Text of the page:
Marxism as science -Reply

Mon Apr 17 10:56:13 MDT 1995

I enjoy your posts in general, and this is a great example.  It is
pleasant for me, and I feel less alone, because somebody out there
understands science the same way I do.  At least, in this post.


No more the same than calling Shakespeare's plays science, although
they evince such a keen understanding of human nature. I didn't say
that science was incontrovertible truth, although the people who get
excited about the so-called "overturning" of models should study the
matter more carefully.
First, there are two senses in which "science" can be used here,
common to most scientists: 1)The totality of methodologies,
attitudes, and programs which are generally referred to as science.
2)Those results produced by the aforementioned which, in some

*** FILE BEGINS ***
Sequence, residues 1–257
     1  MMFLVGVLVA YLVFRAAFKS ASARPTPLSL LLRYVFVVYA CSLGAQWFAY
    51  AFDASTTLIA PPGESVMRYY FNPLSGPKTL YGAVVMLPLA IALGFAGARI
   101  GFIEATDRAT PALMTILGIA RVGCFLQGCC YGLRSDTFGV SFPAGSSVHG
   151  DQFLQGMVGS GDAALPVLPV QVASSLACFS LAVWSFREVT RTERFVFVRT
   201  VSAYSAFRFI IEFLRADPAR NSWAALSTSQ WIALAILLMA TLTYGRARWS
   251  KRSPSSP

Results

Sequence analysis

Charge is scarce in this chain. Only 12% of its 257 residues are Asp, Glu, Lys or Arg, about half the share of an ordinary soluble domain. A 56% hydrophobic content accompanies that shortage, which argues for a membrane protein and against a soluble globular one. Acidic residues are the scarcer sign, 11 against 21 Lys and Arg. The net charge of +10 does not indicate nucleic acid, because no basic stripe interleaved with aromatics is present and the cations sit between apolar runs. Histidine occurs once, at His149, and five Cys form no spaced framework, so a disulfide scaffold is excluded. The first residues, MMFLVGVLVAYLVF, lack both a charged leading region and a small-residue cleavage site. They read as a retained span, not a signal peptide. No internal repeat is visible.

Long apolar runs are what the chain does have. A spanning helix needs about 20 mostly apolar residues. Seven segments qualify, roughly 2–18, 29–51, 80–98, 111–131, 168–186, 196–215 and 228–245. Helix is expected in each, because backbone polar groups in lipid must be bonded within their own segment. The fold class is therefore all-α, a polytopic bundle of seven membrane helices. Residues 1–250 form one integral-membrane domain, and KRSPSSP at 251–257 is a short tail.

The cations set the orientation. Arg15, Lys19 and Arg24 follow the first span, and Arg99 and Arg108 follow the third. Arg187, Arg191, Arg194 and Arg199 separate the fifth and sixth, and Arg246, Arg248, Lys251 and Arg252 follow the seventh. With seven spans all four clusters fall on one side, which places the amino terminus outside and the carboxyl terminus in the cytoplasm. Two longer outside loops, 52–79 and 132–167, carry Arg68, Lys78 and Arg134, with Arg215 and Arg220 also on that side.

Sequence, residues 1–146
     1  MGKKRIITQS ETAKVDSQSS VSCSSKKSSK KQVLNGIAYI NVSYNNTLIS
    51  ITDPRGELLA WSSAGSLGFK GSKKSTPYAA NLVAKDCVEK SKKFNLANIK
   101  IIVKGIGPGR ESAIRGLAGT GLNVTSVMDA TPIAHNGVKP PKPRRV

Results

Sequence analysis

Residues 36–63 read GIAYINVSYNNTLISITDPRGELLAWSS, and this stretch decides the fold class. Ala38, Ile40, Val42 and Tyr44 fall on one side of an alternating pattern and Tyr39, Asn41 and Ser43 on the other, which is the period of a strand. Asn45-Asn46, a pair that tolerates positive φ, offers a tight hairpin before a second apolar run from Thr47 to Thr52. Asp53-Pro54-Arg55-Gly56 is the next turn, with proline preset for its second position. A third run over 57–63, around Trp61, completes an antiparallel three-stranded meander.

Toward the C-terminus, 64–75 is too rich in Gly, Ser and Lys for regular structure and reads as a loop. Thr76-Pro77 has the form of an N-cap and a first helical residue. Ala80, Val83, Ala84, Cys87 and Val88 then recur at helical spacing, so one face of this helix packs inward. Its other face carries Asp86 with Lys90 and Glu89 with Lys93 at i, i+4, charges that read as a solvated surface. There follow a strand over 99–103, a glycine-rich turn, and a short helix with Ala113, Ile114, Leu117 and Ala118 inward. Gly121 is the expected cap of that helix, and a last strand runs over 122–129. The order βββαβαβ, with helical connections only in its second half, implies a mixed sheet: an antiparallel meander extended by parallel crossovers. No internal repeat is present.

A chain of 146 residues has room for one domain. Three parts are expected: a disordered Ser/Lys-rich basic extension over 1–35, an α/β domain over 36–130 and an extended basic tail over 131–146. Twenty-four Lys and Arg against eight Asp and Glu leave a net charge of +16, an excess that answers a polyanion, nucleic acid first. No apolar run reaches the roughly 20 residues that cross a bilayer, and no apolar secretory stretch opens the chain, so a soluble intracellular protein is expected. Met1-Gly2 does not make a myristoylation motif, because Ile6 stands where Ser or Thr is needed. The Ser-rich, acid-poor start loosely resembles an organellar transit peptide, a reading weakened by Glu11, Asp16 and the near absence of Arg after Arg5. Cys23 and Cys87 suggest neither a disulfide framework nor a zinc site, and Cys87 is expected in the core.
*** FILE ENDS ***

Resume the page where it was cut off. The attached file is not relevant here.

integral area (such as low velocities and gravitational fields for
Newtonian mechanics) have been extremely well-tested and have held
up. Such results do not ever get "overturned," although they may
become a special case of a more-encompassing system with a wider area
of validity (such as relativity). And don't quote the example of
quantum mechanics to me -- that fits in perfectly well with what I'm
saying. According to this scheme, a commonsensical one which won't
build anyone a fancy rep, in a case like the advent of Darwin's
theory of evolution, the mass of ideas that it replaced was not
science -- it certainly contained large pieces that were science, but
his was the first coherent picture of how the diversity of life came
into being that was scientifically tested, and that has passed
reasonably well. Similarly, what
Kuhn might call the "flat-earth paradigm" was not well-tested
science, whereas the roundness of the earth is.
Rahul Mahajan

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